How to Build a Captain Kirk Chair

stars on sky image by Marek Kosmal from

Things You'll Need

  • Office or other squared chair
  • Chair plans
  • Covering material
  • Plywood or press board
  • Measuring tape
  • Pencil
  • Nails
  • Wood glue
  • 6 nuts and bolts
  • Paint

People who enjoy the Star Trek series will enjoy the idea of having part of the series' set. One popular item is the captain's chair, especially that of Captain Kirk. This particular item has become even more popular since a Las Vegas Star Trek convention displayed a life-sized, fully operational, original series captain’s chair. According to, it used "expert measurements and the highest quality durable materials." While captain's chairs kits can be purchased for just under $3,000, most like to take on building their own.

Building a Captain's Chair

Use an office or other chair with a squared back and base.
office chair image by Paul Moore from

Find a flat-backed chair; one with a high back and arm rests is best. Disassemble it, removing the back, seat and arms for later use. If the seat and back are connected, leave them that way.

Measure and cut your wood frame pieces.
construction ,measuring image by Greg Pickens from

Measure, mark, cut and lay out your base frame according to command seat plans. If you are not using plans, use the outer dimensions of 40 inches wide, 44 inches high and 38 inches deep, if going with the authentic size--or you may size the frame to fit your own chair.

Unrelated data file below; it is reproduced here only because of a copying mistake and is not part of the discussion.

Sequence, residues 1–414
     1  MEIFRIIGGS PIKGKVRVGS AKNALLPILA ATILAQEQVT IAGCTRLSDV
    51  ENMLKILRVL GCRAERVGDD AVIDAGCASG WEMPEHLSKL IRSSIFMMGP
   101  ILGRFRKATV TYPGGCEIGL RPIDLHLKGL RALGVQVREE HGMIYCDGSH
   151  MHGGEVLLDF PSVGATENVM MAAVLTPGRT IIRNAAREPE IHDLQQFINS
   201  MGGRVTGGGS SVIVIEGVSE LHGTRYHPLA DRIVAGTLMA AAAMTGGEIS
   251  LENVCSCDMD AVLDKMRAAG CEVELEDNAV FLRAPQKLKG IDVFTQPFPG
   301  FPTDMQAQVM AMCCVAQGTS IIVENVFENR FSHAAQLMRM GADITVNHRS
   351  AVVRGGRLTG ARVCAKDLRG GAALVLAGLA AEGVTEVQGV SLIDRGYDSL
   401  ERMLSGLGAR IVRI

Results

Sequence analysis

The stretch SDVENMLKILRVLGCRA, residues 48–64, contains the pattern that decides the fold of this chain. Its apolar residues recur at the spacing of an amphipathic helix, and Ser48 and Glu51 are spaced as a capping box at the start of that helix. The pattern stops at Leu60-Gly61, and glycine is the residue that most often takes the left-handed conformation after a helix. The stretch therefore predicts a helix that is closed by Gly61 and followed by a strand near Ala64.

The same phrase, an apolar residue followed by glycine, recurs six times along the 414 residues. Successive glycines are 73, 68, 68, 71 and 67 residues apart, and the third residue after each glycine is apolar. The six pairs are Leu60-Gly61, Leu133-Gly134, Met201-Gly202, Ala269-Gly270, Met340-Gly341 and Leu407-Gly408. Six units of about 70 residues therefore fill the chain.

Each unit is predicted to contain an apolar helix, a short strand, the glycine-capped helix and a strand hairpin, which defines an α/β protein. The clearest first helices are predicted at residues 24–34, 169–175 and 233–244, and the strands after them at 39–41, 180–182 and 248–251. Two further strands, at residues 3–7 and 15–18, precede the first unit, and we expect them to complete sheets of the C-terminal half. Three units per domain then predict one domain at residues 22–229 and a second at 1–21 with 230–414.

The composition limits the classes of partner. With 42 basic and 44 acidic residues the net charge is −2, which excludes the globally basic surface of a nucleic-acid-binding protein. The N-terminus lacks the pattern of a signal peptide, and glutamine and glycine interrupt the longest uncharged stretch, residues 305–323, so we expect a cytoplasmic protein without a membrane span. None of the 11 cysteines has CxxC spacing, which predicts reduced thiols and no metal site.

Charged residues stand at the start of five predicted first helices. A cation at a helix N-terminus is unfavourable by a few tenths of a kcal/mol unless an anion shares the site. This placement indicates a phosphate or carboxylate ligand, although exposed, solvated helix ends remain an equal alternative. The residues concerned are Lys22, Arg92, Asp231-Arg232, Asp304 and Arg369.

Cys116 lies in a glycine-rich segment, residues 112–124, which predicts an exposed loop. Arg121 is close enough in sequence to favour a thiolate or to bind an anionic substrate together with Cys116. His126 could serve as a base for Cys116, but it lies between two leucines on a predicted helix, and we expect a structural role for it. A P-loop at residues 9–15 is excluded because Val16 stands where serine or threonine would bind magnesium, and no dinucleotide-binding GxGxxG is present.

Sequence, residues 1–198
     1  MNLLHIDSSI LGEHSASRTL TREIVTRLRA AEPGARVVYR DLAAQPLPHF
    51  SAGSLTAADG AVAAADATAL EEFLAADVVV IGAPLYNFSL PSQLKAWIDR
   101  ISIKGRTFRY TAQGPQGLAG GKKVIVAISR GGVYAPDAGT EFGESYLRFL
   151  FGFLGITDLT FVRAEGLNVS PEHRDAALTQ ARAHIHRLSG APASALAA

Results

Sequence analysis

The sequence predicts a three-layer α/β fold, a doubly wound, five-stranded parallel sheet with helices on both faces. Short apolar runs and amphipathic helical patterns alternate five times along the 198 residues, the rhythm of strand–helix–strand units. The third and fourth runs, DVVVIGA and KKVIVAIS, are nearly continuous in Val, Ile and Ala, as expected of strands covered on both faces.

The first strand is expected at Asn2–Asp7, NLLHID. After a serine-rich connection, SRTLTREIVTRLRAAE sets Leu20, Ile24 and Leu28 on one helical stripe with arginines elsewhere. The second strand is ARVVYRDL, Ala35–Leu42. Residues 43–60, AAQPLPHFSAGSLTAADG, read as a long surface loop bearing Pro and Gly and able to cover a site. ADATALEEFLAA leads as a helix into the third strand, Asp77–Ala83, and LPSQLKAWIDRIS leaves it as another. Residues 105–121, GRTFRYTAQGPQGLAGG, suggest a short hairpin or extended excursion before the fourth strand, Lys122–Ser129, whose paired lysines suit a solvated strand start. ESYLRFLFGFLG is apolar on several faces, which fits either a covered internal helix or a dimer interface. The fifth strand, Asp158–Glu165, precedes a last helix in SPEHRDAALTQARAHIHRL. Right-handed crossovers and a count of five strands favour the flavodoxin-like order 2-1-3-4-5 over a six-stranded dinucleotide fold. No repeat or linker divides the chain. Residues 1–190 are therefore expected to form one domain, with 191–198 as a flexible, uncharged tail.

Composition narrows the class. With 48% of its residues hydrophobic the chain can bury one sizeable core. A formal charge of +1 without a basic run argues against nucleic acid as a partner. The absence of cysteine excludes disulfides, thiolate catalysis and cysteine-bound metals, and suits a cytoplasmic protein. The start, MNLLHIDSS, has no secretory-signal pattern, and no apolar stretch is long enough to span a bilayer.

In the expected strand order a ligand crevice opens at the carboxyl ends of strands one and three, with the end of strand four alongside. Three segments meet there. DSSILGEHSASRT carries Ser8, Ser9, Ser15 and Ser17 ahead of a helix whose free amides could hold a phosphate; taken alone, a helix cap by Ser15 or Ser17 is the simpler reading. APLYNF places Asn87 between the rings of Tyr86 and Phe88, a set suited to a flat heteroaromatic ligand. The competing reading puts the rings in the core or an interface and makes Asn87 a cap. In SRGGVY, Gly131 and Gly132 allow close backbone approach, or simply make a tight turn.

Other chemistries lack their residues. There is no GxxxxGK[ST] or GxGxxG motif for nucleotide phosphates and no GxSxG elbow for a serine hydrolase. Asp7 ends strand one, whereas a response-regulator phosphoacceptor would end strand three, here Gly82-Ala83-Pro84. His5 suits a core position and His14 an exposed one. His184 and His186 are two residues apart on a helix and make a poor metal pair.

Assemble your frame pieces.
hammer and nails image by Horticulture from

Assemble the wood frame pieces with wood glue and nail them to hold. The frame can be assembled in one piece or in sections, the sides, back and base pieces. Paint all sections in a gray or cream tone.

Secure the chair using nuts and bolts.
nuts and bolts 1 image by Vincenzo Novello from

Set the chair seat and back into the frame and center. Secure using nuts and bolts, two for the seat and two for the backing.

Use leather to match the arms to the chair pieces.
Top Grain Leather Background Pattern image by James Phelps from

Fully-covered chair arms may be secured to the sides of the base using the remaining bolts. If your chair does not have full arms or has no arms at all, you can build frames or surrounds and cover with matching material.


  • Adding a thin covering to your finished base can clean up any rough wood edges. Colored plastic sheets or a veneer can easily be glued to the outer surfaces to smooth.

    For a clean look to an armless chair, re-covering with new material may save you from having to find an exact match to cover newly built arms.

    Optional: Add button or switch plate panels to arm tops for a more realistic command chair.


  • Building the base in one section may make your base too large to move from place to place or fit through doorways.


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